Well, at least five of them are.
I’ll admit to being a little bit more than a casual track and field fan. I’m not one of those track junkies who follows every major meet. I threw discus with some success in high school. My senior year I actually competed against one Adam Terry in the 2000 NYSPHAA Track and Field Championship held in Liverpool. Hell, I even had plans to try to walk on at Syracuse until a back injury cut short my throwing days.
I say all this not to impress anyone (though I know you’re in awe), but only to make it clear that I’m not just fishing for news on a slow day. Basketball may have been my love when I was young, but discus was what I was good at. Because of that, I’m the guy who will sit through the whole 5,000m race or watch hour upon hour of Olympic coverage for the chance to glimpse the 10 seconds of discus coverage they show during every Olympic games. In short, I care about track, and so should you, especially since Syracuse has a shot to take home some hardware.
The big story, of course, is Jarret Eaton. Eaton won the national indoor championship in the 60m hurdles, and just came away with the Big East title in the 110m event after running a school-record time of 13.44. To be clear, that’s 110m in under 14 seconds, while leaping over four-foot high barriers. Eaton has the fifth fastest time in the nation this year and has a real shot to add another national title to his resume.Eaton will be joined at Drake University by four distance runners; Katie Hursey (3,000m steeplechase), Tito Medrano (10,000m), Sarah Pagano (10,000m) and Lauren Penney (5,000m), all of whom run further in one race than I have in my entire life combined. As is to be expected of national title contestants, the rest of the Orange contingent are among the best in the country. Medrano will compete in the 10,000m national final for the second consecutive year, Pagano is the Big East women’s 10,000m champion and Penney holds the SU record in the women’s 5,000m (16:09.44).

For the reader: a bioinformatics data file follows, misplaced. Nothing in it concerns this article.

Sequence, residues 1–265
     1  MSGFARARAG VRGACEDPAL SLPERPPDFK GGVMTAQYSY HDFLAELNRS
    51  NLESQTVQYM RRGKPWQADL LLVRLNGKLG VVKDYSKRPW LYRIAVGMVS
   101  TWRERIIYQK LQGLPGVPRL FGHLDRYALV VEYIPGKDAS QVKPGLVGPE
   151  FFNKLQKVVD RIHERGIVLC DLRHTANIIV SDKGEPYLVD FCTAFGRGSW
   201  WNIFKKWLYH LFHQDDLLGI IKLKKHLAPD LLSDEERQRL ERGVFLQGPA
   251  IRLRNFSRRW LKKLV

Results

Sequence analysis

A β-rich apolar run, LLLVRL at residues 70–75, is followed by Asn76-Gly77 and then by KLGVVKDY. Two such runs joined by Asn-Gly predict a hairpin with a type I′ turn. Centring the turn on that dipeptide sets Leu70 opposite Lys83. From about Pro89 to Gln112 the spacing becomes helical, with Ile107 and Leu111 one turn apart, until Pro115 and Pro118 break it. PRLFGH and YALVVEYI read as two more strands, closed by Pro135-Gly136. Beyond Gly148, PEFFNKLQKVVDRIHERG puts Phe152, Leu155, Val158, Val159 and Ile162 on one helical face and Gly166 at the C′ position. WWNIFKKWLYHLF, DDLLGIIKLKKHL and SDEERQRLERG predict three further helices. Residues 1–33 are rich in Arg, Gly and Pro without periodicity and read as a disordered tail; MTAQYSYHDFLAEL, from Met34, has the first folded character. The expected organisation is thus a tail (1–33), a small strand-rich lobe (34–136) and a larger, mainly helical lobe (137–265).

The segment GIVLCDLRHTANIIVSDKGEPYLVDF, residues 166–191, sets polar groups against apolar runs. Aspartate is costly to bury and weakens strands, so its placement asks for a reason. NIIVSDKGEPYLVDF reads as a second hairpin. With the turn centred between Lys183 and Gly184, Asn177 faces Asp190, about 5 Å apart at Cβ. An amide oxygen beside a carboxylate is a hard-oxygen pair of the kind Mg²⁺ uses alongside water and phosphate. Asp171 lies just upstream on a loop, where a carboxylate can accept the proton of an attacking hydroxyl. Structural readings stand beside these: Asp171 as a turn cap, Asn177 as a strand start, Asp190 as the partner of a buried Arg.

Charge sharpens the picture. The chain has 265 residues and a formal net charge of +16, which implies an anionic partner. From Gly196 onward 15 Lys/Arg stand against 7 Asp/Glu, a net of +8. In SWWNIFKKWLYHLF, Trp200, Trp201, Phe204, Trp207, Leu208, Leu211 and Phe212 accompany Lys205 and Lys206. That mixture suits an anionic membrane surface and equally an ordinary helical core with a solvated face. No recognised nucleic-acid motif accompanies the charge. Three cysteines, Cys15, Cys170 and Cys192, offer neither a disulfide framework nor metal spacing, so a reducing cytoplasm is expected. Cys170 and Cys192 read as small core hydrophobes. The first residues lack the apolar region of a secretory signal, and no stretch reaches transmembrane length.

This is the part where I wax nostalgic about my youth. I was never much of a basketball player back in the day, but track was where I excelled. I can’t say I ever won anything of note. I had the (mis)fortune of being in the same class as a true discus throwing prodigy, so even when I was throwing my best, this guy was always just a little bit better. By the time I was a senior, he was the only thrower in the section who beat me.
Always coming in second might seem like a bitter memory, but not so for me. Having competed in both a team sport in basketball and an individual one in track, the differences became clear. Though basketball is my passion, as a competitor, track outstripped hoops in this way; accountability. If I got beat in the discus circle, it was no one’s fault by my own. There was no, “this guy missed that shot, that guy didn’t rotate in time, he couldn’t keep himself academically eligible”. I put in my work and reaped the rewards directly.
The same applies to Eaton and the rest of the Orange on their way to Drake next weekend. It doesn’t matter if so-and-so was too slow or couldn’t quite clear the bar. They have a chance to do something special. It’s good that they’ll have teammates there to cheer them on but, in the end, they have no one to lean on but themselves..